Newsletter 07/05/23


Yesterday’s coronation was a well-balanced blend of ancient ceremony with enough concession to twenty-first century mores.

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Dear Subscribers,

God save the King!

Yesterday’s coronation was a well-balanced blend of ancient ceremony with enough concession to twenty-first century mores.  Despite the weather, the ceremony largely went off without a hitch – proof that the government can organise state occasions even if other public services leave more to be desired.


Local election results this week in England saw the Conservatives lose nearly a thousand seats and control of 48 councils.  The results were less a decided swing to Labour and rather a vote against the Conservatives, with the Liberal Democrats gaining 416 seats to Labour’s 635, though Labour now has the highest number of council seats across the country.  What will happen to various “progressive alliance” pacts at a general election remains to be seen.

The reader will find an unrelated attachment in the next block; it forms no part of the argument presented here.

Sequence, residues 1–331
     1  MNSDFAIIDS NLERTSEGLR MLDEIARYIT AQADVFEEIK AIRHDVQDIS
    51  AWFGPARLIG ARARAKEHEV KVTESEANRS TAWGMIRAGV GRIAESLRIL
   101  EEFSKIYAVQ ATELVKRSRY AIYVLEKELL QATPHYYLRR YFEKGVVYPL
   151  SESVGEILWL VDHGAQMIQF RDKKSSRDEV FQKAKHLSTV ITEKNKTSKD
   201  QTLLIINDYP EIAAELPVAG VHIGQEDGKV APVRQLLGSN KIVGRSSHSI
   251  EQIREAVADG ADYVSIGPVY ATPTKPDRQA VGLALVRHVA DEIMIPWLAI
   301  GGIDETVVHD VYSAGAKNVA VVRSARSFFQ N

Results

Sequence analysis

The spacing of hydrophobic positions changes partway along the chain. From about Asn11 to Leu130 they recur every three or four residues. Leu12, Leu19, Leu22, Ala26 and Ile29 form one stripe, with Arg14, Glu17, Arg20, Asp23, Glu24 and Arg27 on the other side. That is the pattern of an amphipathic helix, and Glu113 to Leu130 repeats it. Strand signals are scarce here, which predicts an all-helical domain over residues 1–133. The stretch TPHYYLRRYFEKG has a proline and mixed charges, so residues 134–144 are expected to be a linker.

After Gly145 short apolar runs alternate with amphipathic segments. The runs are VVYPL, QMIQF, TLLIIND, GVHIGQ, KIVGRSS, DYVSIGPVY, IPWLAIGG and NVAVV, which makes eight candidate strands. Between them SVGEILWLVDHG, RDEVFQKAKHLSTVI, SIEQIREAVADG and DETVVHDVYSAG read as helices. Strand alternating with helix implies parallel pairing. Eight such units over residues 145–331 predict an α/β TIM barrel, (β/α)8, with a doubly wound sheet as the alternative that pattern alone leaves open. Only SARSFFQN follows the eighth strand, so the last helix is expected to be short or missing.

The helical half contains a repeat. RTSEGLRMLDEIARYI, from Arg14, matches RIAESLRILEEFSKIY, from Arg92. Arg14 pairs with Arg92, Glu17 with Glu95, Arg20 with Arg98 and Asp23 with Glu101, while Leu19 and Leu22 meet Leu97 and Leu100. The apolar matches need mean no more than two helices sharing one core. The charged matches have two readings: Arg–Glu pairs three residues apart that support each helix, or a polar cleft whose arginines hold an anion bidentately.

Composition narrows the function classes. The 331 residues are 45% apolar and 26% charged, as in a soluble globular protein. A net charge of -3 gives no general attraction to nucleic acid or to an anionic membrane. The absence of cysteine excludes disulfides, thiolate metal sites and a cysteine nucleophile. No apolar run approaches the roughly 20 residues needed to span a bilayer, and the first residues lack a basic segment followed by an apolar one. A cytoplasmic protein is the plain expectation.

Labour has however ended in hot water over its approach to ex-civil servant Sue Gray, who chaired the enquiry into Boris Johnson’s “partygate” scandal.  Some evidence suggests that she was approached by Labour while she was still a serving civil servant (though it’s not clear that this was before partygate investigation concluded).  If true, it could undermine her credibility as a neutral investigator of the allegations.

A nine-country EU ‘Group pf Friends’, including France, Germany, Spain and Italy, are pushing for the removal of national vetoes on EU foreign and defence policy.  East Europeans are generally opposed, fearing soft overtures to Russia over the Ukraine.